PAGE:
By Lauren Linhard – firstname.lastname@example.org
Rosie the Riveter is one of the most prominent images representing the women’s right’s movement throughout history. Originally designed as a poster to encourage women to join the workforce during World War II, Rosie has continued to inspire the “We Can Do It” attitude for generations as women fight for equality.
But who is Rosie? And where exactly did that iconic polka dot bandanna come from?
Her name is Naomi Parker Fraley, she lives in California with her sister and her identity was only discovered two years ago.
Parker-Fraley, now 95 years old, was one of the first women on the line at Alameda Naval Air Station in 1942, working in assembly and repair to rivet planes back together.
Her image originally appeared in newspapers nationwide after a photographer captured her operating the lathe and sporting the famous bandanna. The photo accompanied an article about how women should dress for workplace safety.
“The red, polkadot bandanna we got at the 5 and Dime,” said Parker-Fraley, who bought the hair accessory with her sister. “It had to be large because otherwise it wouldn’t go around your hair, and they didn’t want any of your hair to show if you were working around machines.”
A year later, artist J. Howard Miller based his “Rosie the Riveter” poster on the widely-spread media image of Parker-Fraley. It wasn’t until 2009, more than 60 years later, that she learned the poster was based on her photo, but (plot twist!) someone else had incorrectly claimed credit as the woman in the photo.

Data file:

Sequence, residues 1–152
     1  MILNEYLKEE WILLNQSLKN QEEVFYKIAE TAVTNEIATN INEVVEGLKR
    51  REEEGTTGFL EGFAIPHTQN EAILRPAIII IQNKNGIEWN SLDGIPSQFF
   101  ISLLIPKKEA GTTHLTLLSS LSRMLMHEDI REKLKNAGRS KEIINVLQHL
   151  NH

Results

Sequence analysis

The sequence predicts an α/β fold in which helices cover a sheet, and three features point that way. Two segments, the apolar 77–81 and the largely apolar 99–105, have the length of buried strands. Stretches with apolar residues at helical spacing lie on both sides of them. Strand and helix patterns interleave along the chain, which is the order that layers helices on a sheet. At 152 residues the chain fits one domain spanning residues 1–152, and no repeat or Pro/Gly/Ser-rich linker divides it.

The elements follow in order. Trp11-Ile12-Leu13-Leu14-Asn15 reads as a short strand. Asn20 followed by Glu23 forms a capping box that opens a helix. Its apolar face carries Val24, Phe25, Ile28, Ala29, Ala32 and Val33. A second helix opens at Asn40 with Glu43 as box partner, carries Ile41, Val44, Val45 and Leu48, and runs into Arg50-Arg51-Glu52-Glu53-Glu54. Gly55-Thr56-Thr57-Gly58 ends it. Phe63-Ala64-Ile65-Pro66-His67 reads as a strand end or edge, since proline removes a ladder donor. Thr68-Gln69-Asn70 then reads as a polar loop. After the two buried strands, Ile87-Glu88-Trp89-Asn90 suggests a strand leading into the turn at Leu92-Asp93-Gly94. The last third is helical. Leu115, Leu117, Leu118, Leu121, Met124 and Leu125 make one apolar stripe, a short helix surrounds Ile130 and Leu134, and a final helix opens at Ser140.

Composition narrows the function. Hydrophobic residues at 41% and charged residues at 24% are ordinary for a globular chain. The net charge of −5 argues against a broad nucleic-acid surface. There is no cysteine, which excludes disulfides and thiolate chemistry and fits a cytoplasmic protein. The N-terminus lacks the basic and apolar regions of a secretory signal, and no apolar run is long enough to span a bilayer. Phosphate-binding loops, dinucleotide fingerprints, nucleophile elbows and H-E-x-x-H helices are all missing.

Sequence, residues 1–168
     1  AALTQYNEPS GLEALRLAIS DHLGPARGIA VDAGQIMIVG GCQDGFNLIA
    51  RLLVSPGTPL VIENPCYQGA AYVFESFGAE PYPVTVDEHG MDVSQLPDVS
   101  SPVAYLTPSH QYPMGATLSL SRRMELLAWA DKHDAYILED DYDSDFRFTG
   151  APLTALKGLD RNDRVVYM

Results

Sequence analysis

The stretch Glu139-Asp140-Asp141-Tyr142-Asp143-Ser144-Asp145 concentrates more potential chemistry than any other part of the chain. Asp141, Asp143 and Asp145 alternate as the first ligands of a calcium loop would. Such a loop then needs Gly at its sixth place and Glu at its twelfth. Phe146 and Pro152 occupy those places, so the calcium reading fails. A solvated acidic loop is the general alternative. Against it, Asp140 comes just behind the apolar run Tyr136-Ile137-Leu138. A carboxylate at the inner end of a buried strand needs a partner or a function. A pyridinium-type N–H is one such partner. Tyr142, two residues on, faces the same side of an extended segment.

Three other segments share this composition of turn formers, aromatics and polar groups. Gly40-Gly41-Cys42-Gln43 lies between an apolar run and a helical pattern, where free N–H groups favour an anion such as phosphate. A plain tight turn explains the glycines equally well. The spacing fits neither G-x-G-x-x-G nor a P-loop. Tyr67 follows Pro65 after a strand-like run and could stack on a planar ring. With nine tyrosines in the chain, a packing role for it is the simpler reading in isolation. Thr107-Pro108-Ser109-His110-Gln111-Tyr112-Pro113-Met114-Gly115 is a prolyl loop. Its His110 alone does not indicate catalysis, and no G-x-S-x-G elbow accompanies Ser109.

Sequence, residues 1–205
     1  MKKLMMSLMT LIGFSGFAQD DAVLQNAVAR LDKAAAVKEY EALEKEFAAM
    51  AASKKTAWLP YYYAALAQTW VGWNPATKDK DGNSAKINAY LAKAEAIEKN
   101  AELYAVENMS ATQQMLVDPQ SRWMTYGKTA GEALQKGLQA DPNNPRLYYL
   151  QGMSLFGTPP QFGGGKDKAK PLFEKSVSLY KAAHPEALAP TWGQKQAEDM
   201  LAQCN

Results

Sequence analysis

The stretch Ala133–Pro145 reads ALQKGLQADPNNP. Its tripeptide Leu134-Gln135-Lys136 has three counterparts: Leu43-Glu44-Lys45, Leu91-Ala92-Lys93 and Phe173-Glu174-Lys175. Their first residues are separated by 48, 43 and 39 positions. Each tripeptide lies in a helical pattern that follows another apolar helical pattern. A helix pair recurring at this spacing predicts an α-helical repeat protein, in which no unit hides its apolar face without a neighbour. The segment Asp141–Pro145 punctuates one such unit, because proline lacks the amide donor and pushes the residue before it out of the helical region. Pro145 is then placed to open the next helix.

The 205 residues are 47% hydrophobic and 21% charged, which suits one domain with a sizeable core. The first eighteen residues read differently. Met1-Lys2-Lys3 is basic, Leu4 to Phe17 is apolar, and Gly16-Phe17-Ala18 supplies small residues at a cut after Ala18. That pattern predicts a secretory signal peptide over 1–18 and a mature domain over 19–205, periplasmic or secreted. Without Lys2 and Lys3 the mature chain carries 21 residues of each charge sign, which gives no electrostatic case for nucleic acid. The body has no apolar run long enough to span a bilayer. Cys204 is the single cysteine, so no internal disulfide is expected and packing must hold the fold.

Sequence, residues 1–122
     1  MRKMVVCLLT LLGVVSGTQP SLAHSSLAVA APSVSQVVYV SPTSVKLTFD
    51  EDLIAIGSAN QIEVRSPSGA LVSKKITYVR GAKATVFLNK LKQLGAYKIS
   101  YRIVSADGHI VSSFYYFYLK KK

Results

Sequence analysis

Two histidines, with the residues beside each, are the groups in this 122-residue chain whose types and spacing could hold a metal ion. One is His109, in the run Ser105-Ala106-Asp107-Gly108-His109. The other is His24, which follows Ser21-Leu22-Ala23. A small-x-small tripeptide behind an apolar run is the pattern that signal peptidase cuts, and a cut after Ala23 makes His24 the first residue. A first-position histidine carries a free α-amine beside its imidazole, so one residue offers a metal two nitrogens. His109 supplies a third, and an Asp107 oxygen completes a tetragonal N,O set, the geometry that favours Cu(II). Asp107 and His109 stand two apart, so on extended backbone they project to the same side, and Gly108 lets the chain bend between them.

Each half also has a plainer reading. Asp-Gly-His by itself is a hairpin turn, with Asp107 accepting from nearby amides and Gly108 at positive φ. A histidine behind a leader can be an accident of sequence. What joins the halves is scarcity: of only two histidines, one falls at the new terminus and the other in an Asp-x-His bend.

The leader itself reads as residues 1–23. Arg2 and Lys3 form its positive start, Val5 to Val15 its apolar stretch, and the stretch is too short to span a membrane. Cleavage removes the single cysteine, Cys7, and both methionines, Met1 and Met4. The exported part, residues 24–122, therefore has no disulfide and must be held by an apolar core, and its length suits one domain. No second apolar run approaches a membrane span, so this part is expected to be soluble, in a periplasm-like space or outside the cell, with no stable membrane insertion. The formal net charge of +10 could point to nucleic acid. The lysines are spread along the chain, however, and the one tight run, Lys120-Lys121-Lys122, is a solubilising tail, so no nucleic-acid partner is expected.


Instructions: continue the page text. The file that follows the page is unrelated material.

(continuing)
“I couldn’t believe it because it was me in the photo, but there was somebody else’s name in the caption: Geraldine,” said Parker-Fraley. “I was amazed. I didn’t want fame or fortune, but I did want my own identity.”
Even after sending the proper organizations the original newspaper clipping, which she had stored in her hope chest, it was too late to correct more than 20 years of misunderstanding. At least until James Kimble showed up on the scene.
Kimble, a professor of communications at Seton Hall University, had dedicated six years of his career to legitimizing Rosie’s identity before the search led him to Parker-Fraley’s door.
He revealed the real woman behind the WWII poster in “Rosie’s Secret Identity, or, How to debunk a woozle by walking backward through the forest of visual rhetoric,” Kimble’s resulting 2016 publication which documented his investigation tracing the roots of Rosie the Riveter and the false claim on her identity.
Even before being recognized as Rosie the Riveter, Parker-Fraley prided herself as a role model for other women. Now, however, she is thrilled to use the new-found fame further her message of empowerment and positivity.
“You stand at crossroads of life and look upon the future. You have a long life ahead and it’s your right to choose the road that you wish to walk on,” Parker-Fraley said. “In this age you have been given many great opportunities before you. Go forth, learn as much as you can. You are a treasure, and the world waits for you.”